On the other hand, I frequently met Yves, the youngest of the three brothers, who was often in Paris. I did not have the same relationship with him, as I had with Raymond, as he was much colder and more withdrawn. But he had a strong influence over Raymond who listened to his advice. Yves was in reality the driving force behind the founding of the short-lived publication, ‘War Du ar Pal’, that opposed the theories expressed in ‘Stur’, managed by Mordrel, and later behind ‘L’Heure Breonne’.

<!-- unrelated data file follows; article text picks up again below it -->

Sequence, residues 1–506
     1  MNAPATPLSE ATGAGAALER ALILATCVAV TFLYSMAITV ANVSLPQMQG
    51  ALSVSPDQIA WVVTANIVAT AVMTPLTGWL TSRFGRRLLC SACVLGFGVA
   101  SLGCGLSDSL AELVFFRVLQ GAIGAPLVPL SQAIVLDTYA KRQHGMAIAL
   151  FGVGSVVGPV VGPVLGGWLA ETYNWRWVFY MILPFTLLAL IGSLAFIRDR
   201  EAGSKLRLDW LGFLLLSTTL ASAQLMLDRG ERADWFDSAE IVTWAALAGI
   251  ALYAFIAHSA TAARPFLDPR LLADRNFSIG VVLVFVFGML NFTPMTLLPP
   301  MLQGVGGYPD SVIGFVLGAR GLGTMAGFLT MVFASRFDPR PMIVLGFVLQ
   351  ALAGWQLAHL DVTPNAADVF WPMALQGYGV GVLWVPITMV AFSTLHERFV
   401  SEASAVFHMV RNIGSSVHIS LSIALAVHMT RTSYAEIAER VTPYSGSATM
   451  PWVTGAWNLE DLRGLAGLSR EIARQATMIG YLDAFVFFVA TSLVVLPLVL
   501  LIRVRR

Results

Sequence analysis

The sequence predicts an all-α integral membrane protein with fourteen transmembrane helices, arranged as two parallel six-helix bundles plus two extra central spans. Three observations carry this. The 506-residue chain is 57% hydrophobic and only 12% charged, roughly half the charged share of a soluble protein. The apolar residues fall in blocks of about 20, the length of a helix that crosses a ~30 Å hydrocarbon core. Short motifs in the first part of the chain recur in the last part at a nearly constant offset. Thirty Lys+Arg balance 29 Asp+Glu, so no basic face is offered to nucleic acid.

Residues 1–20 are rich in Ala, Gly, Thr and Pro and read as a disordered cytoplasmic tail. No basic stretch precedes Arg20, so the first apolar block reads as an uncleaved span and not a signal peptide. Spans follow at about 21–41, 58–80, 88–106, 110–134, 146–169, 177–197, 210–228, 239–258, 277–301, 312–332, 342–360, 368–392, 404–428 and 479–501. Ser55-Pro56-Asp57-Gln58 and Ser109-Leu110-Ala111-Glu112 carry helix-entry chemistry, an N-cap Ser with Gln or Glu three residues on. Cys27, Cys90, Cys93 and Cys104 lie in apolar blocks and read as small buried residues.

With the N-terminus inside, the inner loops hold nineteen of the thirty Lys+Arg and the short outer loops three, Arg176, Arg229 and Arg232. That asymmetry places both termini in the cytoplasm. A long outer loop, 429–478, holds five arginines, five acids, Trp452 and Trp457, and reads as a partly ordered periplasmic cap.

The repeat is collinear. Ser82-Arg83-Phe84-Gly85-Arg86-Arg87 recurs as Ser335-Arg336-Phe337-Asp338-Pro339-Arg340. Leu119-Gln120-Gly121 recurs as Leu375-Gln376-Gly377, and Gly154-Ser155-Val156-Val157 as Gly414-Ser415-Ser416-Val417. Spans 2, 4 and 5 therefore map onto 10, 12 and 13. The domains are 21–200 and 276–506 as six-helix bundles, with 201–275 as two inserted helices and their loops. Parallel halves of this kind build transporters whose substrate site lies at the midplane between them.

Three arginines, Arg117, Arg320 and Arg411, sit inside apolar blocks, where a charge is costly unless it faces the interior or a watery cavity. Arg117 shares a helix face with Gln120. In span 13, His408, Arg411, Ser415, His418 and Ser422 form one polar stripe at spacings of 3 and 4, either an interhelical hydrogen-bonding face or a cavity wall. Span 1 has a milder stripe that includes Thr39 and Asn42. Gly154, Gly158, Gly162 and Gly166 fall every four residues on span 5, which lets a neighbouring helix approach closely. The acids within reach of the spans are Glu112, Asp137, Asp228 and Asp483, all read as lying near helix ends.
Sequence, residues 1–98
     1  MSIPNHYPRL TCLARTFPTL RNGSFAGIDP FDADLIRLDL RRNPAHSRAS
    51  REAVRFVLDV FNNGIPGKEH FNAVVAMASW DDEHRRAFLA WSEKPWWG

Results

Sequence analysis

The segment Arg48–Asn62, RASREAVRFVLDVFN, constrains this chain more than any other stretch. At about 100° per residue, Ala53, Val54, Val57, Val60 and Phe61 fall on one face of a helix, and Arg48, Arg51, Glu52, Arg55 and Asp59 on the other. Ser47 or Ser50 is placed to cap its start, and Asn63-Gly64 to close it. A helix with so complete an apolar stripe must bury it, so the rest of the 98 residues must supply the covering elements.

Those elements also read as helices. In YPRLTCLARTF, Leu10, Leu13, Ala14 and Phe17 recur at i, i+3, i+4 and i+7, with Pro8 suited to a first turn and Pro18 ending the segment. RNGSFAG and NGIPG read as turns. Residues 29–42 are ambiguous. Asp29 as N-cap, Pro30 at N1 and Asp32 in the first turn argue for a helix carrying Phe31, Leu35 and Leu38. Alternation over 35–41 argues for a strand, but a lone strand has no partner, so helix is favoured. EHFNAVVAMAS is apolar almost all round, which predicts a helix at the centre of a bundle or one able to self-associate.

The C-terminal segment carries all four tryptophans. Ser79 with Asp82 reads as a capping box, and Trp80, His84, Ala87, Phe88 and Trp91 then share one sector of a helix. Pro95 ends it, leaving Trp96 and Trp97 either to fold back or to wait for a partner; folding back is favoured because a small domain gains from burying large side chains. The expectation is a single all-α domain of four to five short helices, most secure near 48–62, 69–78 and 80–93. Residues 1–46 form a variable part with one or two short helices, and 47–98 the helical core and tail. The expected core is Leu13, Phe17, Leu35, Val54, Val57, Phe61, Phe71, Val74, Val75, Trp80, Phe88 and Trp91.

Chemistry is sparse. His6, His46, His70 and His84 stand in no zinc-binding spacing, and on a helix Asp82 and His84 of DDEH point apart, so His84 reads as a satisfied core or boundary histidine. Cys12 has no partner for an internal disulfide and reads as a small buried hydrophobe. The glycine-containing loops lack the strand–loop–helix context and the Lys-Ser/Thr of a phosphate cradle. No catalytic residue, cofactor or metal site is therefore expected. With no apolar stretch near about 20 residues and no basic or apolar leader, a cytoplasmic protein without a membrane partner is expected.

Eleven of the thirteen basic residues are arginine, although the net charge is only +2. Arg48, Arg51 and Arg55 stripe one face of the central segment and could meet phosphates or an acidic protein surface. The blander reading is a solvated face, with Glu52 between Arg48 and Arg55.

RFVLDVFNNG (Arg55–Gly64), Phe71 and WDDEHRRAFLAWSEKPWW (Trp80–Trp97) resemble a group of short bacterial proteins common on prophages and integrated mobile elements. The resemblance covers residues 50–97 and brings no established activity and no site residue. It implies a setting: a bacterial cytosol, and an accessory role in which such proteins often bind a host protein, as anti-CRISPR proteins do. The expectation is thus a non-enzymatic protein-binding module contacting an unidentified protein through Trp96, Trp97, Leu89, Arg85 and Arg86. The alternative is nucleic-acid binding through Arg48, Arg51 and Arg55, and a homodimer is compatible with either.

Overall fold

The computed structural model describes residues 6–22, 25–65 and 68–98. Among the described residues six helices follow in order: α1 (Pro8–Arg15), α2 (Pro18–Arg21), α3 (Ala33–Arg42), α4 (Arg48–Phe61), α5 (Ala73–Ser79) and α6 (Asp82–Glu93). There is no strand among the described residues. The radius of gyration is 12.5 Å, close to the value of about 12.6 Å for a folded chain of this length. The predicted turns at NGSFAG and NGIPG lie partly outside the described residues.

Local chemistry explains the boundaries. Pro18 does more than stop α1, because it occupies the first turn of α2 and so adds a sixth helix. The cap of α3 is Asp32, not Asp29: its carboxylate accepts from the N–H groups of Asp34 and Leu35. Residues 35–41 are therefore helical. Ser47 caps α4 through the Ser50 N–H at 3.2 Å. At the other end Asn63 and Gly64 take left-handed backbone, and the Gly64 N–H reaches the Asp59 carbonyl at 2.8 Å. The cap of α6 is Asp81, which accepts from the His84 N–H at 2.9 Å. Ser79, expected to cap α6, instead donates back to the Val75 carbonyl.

Raymond was much more the classic Breton militant than were Mordrel and Debauvais, and as such he related more to the ‘elders’ of the movement, such as Father Perrot and Father Madec, and their Catholic militant followers. This also included all those endeavouring to uphold the language, culture, traditions and faith of a Brittany whose very existence as a nation was threatened by levelling forces at the service of soul-destroying State centralism and a growing standardisation of society. He was always much more of a cultural militant than a political one, and later became President of Bleun Brug. He realised that it was only possible to keep alive the Breton language and culture under certain conditions. I also gradually became aware of this during the fruitless struggle for the teaching of Breton that I carried out at the Ministry of Education in Paris. Firstly, native speakers from the countryside and villages had to be rescued from the emigration that thinned out their ranks. Secondly, they should be provided with their own system of education adapted to their needs, instead of one drawn up and directed as a uniform prototype. Everything pertaining to the subject was inextricably linked; culture economy and social problems urgently demanded political solutions with overall answers, and not partial ones. The only political solutions capable of achieving this result would be for the Bretons to have the right, and the possibility, of looking after their own problems, the right to manage their own affairs and freely decide what is for their own good and what is not; in a word it would be the conquest or re-conquering of the right to decide their own destiny. This of course could be achieved within the French State by as new distribution of power and redistribution of it, and by the sharing of decisions, responsibilities and resources between the centre and the periphery, the summit and the base. And yet, regional reforms had led nowhere, although this matter was, after all, the fundamental goal of its doctrine and purpose.